Calling someone by their birth name after they have changed their name. This term is often associated with trans people who have changed their name as part of their transition.
Demi (sexual and romantic)
An umbrella term used to describe people who may only feel sexually or romantically attracted to people with whom they have formed an emotional bond. People may also use terms such as gay, bi, lesbian, straight and queer in conjunction with demi to explain the direction of romantic or sexual attraction as they experience it.
Refers to a man who has a romantic and/or sexual orientation towards men. Also a generic term for lesbian and gay sexuality – some women define themselves as gay rather than lesbian. Some non-binary people may also identify with this term.
Often expressed in terms of masculinity and femininity, gender is largely culturally determined and is assumed from the sex assigned at birth.
Used to describe when a person experiences discomfort or distress because there is a mismatch between their sex assigned at birth and their gender identity.
This is also the clinical diagnosis for someone who doesn’t feel comfortable with the sex they were assigned at birth.
How a person chooses to outwardly express their gender, within the context of societal expectations of gender. A person who does not conform to societal expectations of gender may not, however, identify as trans.
A person’s innate sense of their own gender, whether male, female or something else (see non-binary below), which may or may not correspond to the sex assigned at birth.
Refers to a man who has a romantic and/or sexual orientation towards women or to a woman who has a romantic and/or sexual orientation towards men.
This might be considered a more medical term used to describe someone who has a romantic and/or sexual orientation towards someone of the same gender. The term ‘gay’ is now more generally used.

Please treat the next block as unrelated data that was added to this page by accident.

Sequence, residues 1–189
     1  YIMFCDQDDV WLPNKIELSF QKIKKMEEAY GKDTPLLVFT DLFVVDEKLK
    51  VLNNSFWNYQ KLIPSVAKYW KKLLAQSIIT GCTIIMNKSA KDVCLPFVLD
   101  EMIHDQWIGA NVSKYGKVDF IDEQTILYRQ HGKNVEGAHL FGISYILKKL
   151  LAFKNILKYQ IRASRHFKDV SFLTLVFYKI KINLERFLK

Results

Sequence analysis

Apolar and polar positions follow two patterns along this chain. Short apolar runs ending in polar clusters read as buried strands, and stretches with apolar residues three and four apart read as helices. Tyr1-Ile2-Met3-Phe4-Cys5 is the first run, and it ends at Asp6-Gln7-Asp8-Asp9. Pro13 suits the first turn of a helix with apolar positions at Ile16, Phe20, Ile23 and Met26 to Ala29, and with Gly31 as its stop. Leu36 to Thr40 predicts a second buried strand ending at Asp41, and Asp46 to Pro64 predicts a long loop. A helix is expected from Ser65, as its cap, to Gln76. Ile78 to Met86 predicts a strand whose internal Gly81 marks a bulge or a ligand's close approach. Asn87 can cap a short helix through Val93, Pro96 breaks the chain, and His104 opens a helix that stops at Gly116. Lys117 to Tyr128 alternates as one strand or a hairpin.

Refers to a woman who has a romantic and/or sexual orientation towards women. Some non-binary people may also identify with this term.
An umbrella term for people whose gender identity doesn’t sit comfortably with ‘man’ or ‘woman’. Non-binary identities are varied and can include people who identify with some aspects of binary identities, while others reject them entirely.
Orientation is an umbrella term describing a person’s attraction to other people. This attraction may be sexual (sexual orientation) and/or romantic (romantic orientation). These terms refers to a person’s sense of identity based on their attractions, or lack thereof. Orientations include, but are not limited to, lesbian, gay, bi, ace and straight.
When a lesbian, gay, bi or trans person’s sexual orientation or gender identity is disclosed to someone else without their consent.
Refers to a person whose romantic and/or sexual attraction towards others is not limited by sex or gender.
Words we use to refer to people’s gender in conversation – for example, ‘he’ or ‘she’. Some people may prefer others to refer to them in gender neutral language and use pronouns such as they/their and ze/zir.
Queer is a term used by those wanting to reject specific labels of romantic orientation, sexual orientation and/or gender identity. It can also be a way of rejecting the perceived norms of the LGBT community (racism, sizeism, ableism etc). Although some LGBT people view the word as a slur, it was reclaimed in the late 80s by the queer community who have embraced it.
Assigned to a person on the basis of primary sex characteristics (genitalia) and reproductive functions. Sometimes the terms ‘sex’ and ‘gender’ are interchanged to mean ‘male’ or ‘female’.
An umbrella term to describe people whose gender is not the same as, or does not sit comfortably with, the sex they were assigned at birth. Trans people may describe themselves using one or more of a wide variety of terms, including (but not limited to) transgender, transsexual, gender-queer (GQ), gender-fluid, non-binary, gender-variant, crossdresser, genderless, agender, nongender, third gender, bi-gender, trans man, trans woman,trans masculine, trans feminine and neutrois.
A term used to describe someone who is assigned female at birth but identifies and lives as a man. This may be shortened to trans man, or FTM, an abbreviation for female-to-male.
A term used to describe someone who is assigned male at birth but identifies and lives as a woman. This may be shortened to trans woman, or MTF, an abbreviation for male-to-female.
Cobb, P., & Sharfman, A. (2021, May 27). Sexual orientation, UK: 2019. Sexual orientation, UK – Office for National Statistics. Retrieved January 18, 2022, from https://www.ons.gov.uk/peoplepopulationandcommunity/culturalidentity/sexuality/bulletins/sexualidentityuk/2019